Alright. How long has it been since you started learning Korean? The Sanchon Hunjang will be administering a little language quiz today:
How would you say "An old man in his seventies, whose cow was stolen..."?
☞ According to the paper, it is "소를 도둑 맞은 70대 할아버지가...
I'm sure I could have come up with some muddling way to express the idea, but I would never have thought to say it this way. I didn't realize that you could make 도둑 맞은 work as a single unit and take the object of the stealing.
And speaking of odd single-units in Korean, how about all those words that end in that elevating suffix ~님.
- I once knew this assiduous student of Korean who puzzled long and hard over the name of the group 벗님들. Of course that was before he fell in love with 박해받은 노동자의 해방 poetry. At any rate, he reasoned that, since the suffix has the elevating effect, it surely couldn't be used in speaking about oneself. Just like you can't say "*나님께서는 진지드시겠습니다." Well, I guess you could say that, but it wouldn't be in good form. And it certainly wouldn't be a native speaker kind of thing to do. So how could these guys call themselves 벗님들?
- And how about 손님? If you're a regular customer, and you have occasion to mention that fact, you can't very well say "*나는 단골손이야."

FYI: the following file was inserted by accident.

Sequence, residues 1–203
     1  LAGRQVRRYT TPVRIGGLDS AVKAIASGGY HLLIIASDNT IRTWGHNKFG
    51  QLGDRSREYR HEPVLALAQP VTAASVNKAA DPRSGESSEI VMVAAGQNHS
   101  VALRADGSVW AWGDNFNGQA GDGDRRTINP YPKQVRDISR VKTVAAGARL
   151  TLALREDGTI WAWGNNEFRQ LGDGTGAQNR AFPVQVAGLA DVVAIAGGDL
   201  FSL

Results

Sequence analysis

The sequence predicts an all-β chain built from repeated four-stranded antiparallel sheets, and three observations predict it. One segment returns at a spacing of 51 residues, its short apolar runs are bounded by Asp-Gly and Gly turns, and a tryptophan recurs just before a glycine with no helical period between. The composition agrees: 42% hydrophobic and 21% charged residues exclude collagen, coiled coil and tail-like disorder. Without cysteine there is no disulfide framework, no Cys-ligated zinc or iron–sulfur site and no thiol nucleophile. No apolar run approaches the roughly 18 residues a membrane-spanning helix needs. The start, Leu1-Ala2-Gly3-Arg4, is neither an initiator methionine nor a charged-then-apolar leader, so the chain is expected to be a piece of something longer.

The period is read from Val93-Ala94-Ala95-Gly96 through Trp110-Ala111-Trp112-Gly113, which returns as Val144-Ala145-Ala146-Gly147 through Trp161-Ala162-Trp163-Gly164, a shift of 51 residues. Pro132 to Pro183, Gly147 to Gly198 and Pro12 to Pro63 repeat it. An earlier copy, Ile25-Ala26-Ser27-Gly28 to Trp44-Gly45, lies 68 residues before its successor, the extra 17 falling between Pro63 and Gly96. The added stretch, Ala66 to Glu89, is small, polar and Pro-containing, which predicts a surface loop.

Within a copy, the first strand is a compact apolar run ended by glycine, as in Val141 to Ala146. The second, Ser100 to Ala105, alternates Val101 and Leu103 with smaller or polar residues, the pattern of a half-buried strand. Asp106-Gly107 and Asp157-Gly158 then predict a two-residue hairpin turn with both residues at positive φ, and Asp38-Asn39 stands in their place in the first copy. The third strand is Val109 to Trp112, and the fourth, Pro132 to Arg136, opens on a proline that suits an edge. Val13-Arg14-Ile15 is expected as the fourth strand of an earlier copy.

- I frequently see teachers who, when talking to their students, refer to themselves as "선생님." For instance, "선생님이 잠깐 나갔다 올께." I even cornered one of them and quizzed her down about it. Her response was "we do that to teach the kids that they need to call the teacher 선생님." But that doesn't hold much water when you realize that, if this were the case, they should be attaching the elevating verb infix ~시, too. Then we'd be back to that *나님께서 stuff again.
I think the key lies in the 소를 도둑 맞는 principle. In some words, the ~님 may have started out as an elevating suffix but now it has just became a natural part of a few nouns. They have fused into a single unit. Since it's just one unit, it no longer sounds strange to call yourself 선생님 or 벗님. That's my new idea, anyway. Which is not to say that teachers don't call each other 선생 (sans ~님), but there seems to be a bit of single-unit-ness about words like 선생님.
(More of the newspaper article about the old man and his cow, just in case anyone was curious about more details than the grammar of the title. 소를 도둑 맞은 70대 할아버지가 ‘횡재’를 했다.
도둑 맞은 암소가 19일만에 새끼를 낳아 자신의 품으로 돌아온 것이다. 그야말로 '새옹지마(塞翁之馬)'가 아닌 '새옹지우(塞翁之牛)'셈이다.전남 여수시 화양면 서촌리에 사는 김모(74) 할아버지가 12년생 암소와 2년생 암소 2마리를 도둑 맞은 것은 지난 달 12일. 김 할아버지는 아침에 소 먹이를 주려고 축사에 나왔다 깜짝 놀랐다... Swiped via Naver.
Say...that's pretty clever how they turned the border geezer's horse
into the border geezer's cow